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Business Analysis: Time for a real partnership in the Baltic

  • 2010-11-24
  • By Charles Cormack

I am getting a sense of deja vu. People in the West have started talking about the Baltic economic miracle again!! You would think that, following the recent crisis, that would be enough to break me out in a cold sweat, but this “miracle” does not refer to stratospheric property-fuelled economic growth rates, but rather to the ability of all three governments to deal with potential financial meltdown.

As Ireland teeters on the verge of disaster, and is likely to receive around 80 billion euros of emergency support (which puts the Latvian loan in context!), and other larger economies contemplate savage cuts, people are starting to look at the Baltic and see what lessons can be learnt.

I saw this with my own eyes a few weeks ago at an event in London which was organized by the British-Latvian Chamber of Commerce. They had persuaded Ilmars Rimsevics, the governor of the Latvian central bank, to speak, and the room was full of UK government officials keen to see what they could learn.

The trick now is for the governments to use this new-found reputation for economic probity to move forward with a range of financial instruments which will solidify the recovery, and promote growth. I am particularly keen to see all three governments fully embrace and implement Public Private Partnerships (PPP).

For those who don’t know, PPP is a mechanism which allows the state to contract with the private sector to build and maintain social infrastructure projects. Although controversial, because of the excessive liabilities its earliest manifestations imposed on the state,  it has been used successfully across Europe and in many other areas of the world. To put it simply, the government procures a new building, for example a school, and the private sector bid to build and maintain it. The private sector supplies the money for the project, and undertake to build and deliver the building, and also to maintain and manage it over a twenty or thirty year period; at the end of that time the property belongs to the state. During the contract the government pays an annual fee, which allows the private company to recoup its investment, cover its costs and make a profit.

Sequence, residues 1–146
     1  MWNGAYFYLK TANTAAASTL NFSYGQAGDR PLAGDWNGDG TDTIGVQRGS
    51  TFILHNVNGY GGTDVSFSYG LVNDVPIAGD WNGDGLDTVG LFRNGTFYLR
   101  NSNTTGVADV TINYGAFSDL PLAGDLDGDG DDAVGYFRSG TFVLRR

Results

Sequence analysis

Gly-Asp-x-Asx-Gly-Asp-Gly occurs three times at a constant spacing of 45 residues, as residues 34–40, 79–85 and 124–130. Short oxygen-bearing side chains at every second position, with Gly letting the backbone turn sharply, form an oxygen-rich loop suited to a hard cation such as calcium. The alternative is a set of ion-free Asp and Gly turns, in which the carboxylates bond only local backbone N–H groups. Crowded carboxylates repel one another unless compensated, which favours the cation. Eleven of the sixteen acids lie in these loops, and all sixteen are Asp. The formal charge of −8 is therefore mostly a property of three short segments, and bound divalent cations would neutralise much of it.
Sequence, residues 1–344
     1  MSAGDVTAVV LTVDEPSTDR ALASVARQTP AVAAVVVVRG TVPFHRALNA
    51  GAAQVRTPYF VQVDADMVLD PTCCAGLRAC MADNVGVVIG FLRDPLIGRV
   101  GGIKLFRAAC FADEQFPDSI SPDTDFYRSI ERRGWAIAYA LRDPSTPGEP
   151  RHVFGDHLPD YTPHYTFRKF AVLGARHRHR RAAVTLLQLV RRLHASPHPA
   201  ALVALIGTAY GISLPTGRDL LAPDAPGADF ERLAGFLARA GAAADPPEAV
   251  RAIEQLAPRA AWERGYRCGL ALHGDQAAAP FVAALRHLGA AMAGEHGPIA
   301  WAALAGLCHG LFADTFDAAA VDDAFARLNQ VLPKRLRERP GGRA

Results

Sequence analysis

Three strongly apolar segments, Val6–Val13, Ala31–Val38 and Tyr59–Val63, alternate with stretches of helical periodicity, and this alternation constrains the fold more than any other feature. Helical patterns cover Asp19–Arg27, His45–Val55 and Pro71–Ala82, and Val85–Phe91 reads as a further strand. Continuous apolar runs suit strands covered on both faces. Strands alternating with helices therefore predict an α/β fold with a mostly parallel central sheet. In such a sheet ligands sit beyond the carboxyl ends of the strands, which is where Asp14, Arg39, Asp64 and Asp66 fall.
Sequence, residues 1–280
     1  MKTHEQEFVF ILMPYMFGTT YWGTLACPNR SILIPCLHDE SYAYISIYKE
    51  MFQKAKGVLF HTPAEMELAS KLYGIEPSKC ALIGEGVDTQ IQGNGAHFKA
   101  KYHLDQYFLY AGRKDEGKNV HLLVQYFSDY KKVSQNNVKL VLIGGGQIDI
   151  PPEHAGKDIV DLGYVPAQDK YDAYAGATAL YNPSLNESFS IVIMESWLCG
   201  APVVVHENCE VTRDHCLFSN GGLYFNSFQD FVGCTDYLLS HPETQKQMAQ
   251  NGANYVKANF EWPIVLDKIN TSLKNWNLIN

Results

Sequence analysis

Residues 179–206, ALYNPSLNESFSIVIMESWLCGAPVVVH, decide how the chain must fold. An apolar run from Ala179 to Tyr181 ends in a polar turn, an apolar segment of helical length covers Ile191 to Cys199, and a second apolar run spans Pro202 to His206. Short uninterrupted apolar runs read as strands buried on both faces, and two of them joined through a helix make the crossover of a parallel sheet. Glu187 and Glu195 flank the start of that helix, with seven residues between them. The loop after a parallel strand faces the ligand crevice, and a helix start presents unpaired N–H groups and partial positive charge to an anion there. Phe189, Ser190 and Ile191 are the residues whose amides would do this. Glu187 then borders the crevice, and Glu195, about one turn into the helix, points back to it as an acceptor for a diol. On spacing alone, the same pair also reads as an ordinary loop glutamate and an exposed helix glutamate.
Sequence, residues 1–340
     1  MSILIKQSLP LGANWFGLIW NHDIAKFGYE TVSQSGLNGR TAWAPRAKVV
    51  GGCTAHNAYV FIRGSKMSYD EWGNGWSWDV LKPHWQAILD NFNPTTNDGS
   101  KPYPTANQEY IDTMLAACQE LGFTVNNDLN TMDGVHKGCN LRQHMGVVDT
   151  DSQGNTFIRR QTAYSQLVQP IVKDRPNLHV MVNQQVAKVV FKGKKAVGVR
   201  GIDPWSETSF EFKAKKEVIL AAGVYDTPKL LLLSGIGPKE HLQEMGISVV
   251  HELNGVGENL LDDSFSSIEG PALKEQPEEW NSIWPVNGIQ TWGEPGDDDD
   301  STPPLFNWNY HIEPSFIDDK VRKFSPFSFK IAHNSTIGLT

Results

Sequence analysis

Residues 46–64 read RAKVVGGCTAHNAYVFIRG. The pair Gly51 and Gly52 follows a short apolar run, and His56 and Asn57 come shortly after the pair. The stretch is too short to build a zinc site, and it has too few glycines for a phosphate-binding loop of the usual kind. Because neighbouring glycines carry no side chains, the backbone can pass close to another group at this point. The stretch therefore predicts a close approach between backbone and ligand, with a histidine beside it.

All three Baltic States have been flirting with the concept of PPP for some time, and pre-crisis there were moves to implement the necessary legislation. However, now that the crisis is abating and Europe considers that the Baltic economies have weathered the storm, it is time to push forward aggressively with the introduction of PPP.
Lithuania has taken the lead and is already preparing their first 6 projects, with a further 20 to follow in the next 12 months. This will allow the government to build new schools, universities, hospitals, prisons and social housing now, without having to find the capital in the state budget.

But as well as allowing for the building of these projects, experience shows that the government will also get better value for money as the build and management is in the hands of the private sector (both local and international) meaning better procurement and project management. For example, as the private sector partner will need to maintain the building for the life of the contract, and be liable to pay for that maintenance, it does not make sense to cut costs on the build.

So PPP in the Baltic offers a range of benefits, it allows governments to invest in social infrastructure now; it will stimulate the construction industry, increasing employment in a range of sectors.  It will also create a template which will allow the public and private sector to work together, as well as potentially bring in many millions of euros of foreign investment.

However, the key issue, which - as usual - I fear may be missed, is that the governments are going to need to invest now in the best international advice and consultancy, as the system is being set up, to ensure it is built in a way which will allow and encourage international financial investment into the projects. I have spoken to a number of very large investors, and know that if the system is properly structured, that they are interested in coming to the Baltic.
I have heard rumors that this may not happen, and governments will go for a “local” solution. If they do, it will be a huge mistake, and could lead to the process being stillborn.

This will be a tragedy for the people in the Baltic States who need the investment in their hospitals and schools now, and the jobs that it will bring. It will also be a tragedy that all three countries cannot benefit from the new found respect they have earned.